After a five month showdown, congratulations, Pakistan is about to unblock the NATO supply route soon. This followed an invitation to participate in the NATO conference currently underway in Chicago. In the meantime, a decision will be finalized in the Federal Cabinet meeting.
The blockade was imposed in November last year following a NATO airstrike that killed 24 Pakistani soldiers. As far as any Pakistani could recall, this was one of the rarest moments when the political and military establishment of Pakistan were on the same page together in front of the US and NATO.
Pakistan initially demanded an apology for the incident which was not given. Hence, the blockade continued. However, it’s important to understand how the overnight change took place, to the extent that Pakistan is now concerned about the rest of 48 countries who are a part of NATO treaty.
As the Prime Minister Yousuf Raza Gillani applies his Gillani-logy to the issue by saying, “This is not a matter of one country, the issue of NATO supply is linked with 48 countries.” These would be the 48 countries serving the NATO treaty. But, which country is going through a similar situation like the one in Pakistan? Which country is paying the price of terrorism? And which country, pray tell, is being attacked by drones every day?
The issue is simple. The Pakistani government needs to come up with its budget for 2012 this month and for that, like always, they are desperately relying on US aid – the aid that will only influx once the supply lines are restored.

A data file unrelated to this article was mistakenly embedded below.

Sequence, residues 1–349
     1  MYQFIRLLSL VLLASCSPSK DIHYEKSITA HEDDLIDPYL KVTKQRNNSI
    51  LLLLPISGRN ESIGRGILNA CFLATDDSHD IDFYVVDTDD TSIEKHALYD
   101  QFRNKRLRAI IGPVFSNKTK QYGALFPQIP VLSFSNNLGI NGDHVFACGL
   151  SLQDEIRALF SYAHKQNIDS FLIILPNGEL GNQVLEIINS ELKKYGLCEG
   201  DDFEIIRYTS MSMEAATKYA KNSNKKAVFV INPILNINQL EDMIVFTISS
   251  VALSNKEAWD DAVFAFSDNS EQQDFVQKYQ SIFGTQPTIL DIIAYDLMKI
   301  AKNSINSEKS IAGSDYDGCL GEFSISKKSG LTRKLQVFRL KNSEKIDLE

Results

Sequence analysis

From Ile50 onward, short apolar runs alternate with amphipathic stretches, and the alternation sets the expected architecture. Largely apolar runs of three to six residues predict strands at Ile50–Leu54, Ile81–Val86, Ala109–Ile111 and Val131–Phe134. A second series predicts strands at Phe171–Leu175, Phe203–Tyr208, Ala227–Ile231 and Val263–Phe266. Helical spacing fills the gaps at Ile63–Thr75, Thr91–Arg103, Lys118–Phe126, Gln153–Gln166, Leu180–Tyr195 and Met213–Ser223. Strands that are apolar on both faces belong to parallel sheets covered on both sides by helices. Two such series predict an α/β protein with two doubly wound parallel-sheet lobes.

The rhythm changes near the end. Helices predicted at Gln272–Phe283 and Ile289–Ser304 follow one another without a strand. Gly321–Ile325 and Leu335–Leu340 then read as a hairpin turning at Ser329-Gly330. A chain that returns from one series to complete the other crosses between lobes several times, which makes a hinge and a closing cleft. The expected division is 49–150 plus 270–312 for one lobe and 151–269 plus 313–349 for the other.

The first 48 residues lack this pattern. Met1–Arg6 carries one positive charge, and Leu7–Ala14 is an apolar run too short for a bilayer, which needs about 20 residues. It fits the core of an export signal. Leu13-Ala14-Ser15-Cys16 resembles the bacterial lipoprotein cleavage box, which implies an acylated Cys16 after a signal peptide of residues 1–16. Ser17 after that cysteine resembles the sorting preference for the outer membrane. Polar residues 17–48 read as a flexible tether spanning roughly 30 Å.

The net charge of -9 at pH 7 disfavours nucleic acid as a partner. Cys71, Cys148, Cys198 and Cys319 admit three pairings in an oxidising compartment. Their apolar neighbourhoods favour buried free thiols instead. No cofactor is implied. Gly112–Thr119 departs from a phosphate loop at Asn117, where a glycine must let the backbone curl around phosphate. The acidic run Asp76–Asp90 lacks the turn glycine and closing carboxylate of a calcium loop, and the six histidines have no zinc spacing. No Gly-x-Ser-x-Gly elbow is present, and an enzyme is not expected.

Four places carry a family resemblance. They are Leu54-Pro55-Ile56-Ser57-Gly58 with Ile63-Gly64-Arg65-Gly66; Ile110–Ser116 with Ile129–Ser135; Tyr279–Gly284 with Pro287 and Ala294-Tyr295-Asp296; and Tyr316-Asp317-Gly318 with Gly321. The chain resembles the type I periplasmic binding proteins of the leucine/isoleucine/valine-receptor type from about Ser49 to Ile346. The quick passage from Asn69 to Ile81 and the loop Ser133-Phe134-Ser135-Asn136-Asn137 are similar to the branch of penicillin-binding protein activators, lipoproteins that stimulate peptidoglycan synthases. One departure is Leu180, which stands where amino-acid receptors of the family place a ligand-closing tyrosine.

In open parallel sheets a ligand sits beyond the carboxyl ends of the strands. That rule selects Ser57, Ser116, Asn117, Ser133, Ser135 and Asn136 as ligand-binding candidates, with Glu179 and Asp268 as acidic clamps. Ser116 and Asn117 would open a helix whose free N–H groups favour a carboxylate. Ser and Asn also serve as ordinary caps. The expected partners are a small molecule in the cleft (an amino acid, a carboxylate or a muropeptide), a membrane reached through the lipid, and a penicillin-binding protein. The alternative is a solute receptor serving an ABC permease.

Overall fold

Moreover, it would be unjust to single-handedly accuse the civilian establishment for all this. The military establishment is equally responsible. The sudden silence of this semi-credible institution on the issue does reveal a few chinks. That the army is rubbing its hands to grab their chunk in the budget which is the largest one goes without saying, and for that, the restoration of NATO supply lines is inevitable.
Apart from all this there are also reports that Turkish President Abdullah Gul and others from the Gulf States such as Saudi Arabia and UAE have exerted pressure in the form of backdoor diplomacy to help Pakistan understand the gravity of the situation. Therefore, it was not possible for Pakistan to diplomatically resist all of them simultaneously.
Nevertheless, there is also a flip side to the entire thing that must not be sidelined. The NATO blockade has paradoxically given Pakistan a fresh opportunity. US elections are coming in November which means that there will be no upcoming decisions regarding Afghanistan before November. In this case the NATO Summit in Chicago holds pivotal importance as it is being held at a time when the sociopolitical instability of the region is at its peak.
The deadlock of discussions with the Taliban coupled with other incidents like the burning of Quran and Kandahar killing spree by the allied soldiers posted in Afghanistan, are some of the trump cards that Pakistan still has at its disposal. All she needs is the leadership with a concrete agenda to capitalize upon all of the above.